A teenager named Babe Laam brought rock and roll to Placerville at a road house named Merryman’s at the east end of Broadway in 1956. The shows got even crazier in 1960 when he got back from the Army. The building still hosts wildlife as the Sierra Wildlife Rescue.

Larry Park played in several prominent local bands in the 1970s, including the Slab Creek Boys, the Country Edition and most notably the Lenzmen, a power country rock band that paved the way for bigger things in Park’s music career.


More places

Those bands and dozens of others played in a vibrant Placerville music scene made up of blue collar joints like the Red Rose, which followed Merryman’s on the Broadway site.

Other lost venues include the Blue Bell, which is now The Bookery, a used book store. Lindy’s became Robinson’s pharmacy. The Brunello family’s bowling alley is now Mother Lode Rehabilitation Enterprises Inc.

Babe Laam and his band enjoyed huge turnouts at the Westerner on Placerville Drive in the early 1960s. It later became Arnavais, then Tinker’s Cove, which featured a Plexiglas fish tank built into the dance floor. Durangos Mexican Restaurant opened on the site in 1979.

The Carriage Room, which later became Jed’s on the upper end of lower Broadway, became a favorite watering hole and music venue. The Depot in Shingle Springs, located by the site of, what else, the depot, was a hot spot which got a little too hot and burned down.

The landmark tourist magnet Sam’s Town hosted live music amidst the peanut shells, right in front, before Sam installed the projection TV, the first big screen TV many of us ever experienced. He later opened a dank and sticky nightclub venue in back.

Larry Park said he played the Smith Flat House “too many times to remember,” but recalled playing there with Zella Lear in the early 1980s.

John Conforti has since turned the historic building into a holistic healing center and restaurant, which is appropriate, given all the good vibes that once emanated from the tavern downstairs. After being locked up for many years, the subterranean venue has reopened as The Cellar, serving California cuisine and brick oven pizza. If only John would reopen the mine shaft which ran all the way to Union Ridge.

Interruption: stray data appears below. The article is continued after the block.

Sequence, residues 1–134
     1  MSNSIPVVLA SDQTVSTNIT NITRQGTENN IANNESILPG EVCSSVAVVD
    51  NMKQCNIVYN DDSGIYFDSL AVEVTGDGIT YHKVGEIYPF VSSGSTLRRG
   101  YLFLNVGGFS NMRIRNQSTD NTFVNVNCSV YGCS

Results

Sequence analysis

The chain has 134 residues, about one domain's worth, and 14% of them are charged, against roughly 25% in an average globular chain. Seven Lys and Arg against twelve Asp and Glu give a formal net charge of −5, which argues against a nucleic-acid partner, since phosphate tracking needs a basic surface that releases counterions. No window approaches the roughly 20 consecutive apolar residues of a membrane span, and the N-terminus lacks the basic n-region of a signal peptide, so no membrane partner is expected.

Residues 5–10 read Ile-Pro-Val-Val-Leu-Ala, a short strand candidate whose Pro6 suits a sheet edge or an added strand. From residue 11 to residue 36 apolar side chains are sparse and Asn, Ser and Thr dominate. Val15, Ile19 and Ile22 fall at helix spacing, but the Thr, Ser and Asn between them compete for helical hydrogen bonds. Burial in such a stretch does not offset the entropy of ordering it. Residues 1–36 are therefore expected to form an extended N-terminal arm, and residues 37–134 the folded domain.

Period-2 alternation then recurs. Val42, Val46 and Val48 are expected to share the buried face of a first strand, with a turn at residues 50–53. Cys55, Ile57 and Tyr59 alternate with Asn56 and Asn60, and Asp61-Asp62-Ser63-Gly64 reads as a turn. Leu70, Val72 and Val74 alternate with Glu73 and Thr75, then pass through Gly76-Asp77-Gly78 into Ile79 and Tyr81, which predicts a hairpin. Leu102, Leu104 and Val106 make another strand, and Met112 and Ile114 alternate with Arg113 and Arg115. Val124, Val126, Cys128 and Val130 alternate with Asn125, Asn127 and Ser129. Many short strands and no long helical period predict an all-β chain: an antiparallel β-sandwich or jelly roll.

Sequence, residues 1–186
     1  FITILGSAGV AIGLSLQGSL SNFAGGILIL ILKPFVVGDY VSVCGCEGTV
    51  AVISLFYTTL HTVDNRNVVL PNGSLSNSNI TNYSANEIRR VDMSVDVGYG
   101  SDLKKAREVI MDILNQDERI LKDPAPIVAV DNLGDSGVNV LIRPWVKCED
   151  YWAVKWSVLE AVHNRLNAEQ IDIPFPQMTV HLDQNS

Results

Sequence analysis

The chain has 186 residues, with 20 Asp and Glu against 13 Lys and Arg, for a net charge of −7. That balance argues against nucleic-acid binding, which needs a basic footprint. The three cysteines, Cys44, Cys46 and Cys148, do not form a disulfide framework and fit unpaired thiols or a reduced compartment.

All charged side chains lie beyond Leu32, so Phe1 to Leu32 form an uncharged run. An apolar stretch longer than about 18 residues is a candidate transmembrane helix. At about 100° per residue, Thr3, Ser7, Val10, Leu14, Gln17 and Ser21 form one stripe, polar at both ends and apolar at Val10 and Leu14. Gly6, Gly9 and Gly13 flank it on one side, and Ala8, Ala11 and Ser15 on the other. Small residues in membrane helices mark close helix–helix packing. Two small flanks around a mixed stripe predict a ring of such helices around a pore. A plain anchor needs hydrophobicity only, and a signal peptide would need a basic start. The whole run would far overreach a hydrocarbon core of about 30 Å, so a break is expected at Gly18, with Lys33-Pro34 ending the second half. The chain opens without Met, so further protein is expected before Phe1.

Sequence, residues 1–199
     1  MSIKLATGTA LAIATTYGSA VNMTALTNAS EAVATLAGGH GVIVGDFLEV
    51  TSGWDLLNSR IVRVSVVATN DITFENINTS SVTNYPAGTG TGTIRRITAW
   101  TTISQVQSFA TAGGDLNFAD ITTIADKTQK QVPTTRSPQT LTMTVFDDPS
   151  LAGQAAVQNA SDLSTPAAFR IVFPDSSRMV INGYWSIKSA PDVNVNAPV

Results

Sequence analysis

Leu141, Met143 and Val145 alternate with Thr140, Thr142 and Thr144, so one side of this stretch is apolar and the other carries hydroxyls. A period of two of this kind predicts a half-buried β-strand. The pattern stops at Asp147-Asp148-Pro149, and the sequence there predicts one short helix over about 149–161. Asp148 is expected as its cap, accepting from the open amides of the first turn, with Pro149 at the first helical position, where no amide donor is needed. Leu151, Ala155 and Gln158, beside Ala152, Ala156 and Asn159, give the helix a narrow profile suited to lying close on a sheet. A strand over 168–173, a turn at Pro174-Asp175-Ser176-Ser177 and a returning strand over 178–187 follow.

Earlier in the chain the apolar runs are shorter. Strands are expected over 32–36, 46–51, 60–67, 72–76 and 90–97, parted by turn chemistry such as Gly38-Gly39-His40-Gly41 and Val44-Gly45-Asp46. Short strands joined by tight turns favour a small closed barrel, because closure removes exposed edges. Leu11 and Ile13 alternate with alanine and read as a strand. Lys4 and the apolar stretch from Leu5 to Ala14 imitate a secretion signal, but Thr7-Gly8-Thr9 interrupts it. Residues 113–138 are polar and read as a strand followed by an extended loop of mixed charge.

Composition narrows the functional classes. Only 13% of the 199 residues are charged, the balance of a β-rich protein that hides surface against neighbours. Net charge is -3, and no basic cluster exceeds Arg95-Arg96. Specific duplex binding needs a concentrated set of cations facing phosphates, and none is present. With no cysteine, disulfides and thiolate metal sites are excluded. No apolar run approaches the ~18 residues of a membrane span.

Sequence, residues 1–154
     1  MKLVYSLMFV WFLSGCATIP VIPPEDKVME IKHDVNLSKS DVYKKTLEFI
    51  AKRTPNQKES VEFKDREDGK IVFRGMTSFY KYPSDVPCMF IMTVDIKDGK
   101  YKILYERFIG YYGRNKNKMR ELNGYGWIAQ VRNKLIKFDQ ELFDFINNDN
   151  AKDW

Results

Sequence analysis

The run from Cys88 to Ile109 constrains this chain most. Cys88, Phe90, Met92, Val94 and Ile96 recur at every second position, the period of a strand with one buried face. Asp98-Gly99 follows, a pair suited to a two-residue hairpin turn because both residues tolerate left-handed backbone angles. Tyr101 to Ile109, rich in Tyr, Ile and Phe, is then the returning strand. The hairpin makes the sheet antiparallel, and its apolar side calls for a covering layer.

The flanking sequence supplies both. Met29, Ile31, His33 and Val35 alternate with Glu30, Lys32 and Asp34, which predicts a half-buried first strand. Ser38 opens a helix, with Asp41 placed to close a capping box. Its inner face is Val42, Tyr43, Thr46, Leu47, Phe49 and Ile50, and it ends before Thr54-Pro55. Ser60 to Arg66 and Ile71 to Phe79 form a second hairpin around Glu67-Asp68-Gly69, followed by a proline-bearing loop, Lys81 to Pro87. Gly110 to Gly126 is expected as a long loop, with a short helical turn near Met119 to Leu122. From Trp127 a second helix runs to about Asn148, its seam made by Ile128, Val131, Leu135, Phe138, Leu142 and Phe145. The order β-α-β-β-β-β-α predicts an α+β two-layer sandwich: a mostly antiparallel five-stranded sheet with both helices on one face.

Carl Borelli’s Vesuvio Pizza was a favorite local haunt, as was its successor, La Casa Grande, Placerville’s  friendliest, and perhaps first Mexican restaurant. The site’s latest incarnation, Torinos Italian restaurant, will hopefully continue the legacy.

Next door, the Liar’s Bench remains frozen in time, except that the denizens of the dark must now emerge to light up. The Bench still books local acts.

Out in Coloma, the Sierra Nevada House has a long history of live music, including the first public performance by Georgetown’s Keith Little, who played beside the sons of “Vern and Ray,” a teenaged Larry Park and Del Williams in the early 1970s. It’s still a great spot to hear live music on summer weekends.

Little went on to a successful career in Nashville and remains a sought-after sideman for big names in Americana music, including David Grisman, with whom he headlines the Saturday lineup of the American River Music Festival in the Coloma Valley Sept. 13, 14 and 15.

The Sierra Nevada House is a particularly hot spot during the festival.

Coloma’s other historic music venue, the Vineyard House, once hosted live entertainment in its dank cellar, which had an Edgar Allen Poe quality, perhaps because it is allegedly haunted, according to about 100 Websites.

A supernatural presence might explain the other-worldly chicken and dumplings served upstairs. The Vineyard House has been a private residence for many years.

Members of the Park and Laam families played all those venues and many more at one point or another. Their stories are coming up in upcoming explorations of Hangtown’s musical roots.

Anyone who heard Ray Park’s blazing fiddle in Coloma, caught Babe Laam channeling Elvis on lower Broadway or witnessed Larry Park’s screaming guitar solos with the Lenzmen at the Blue Bell should enjoy the ride.

Hold on tight.

Mike Roberts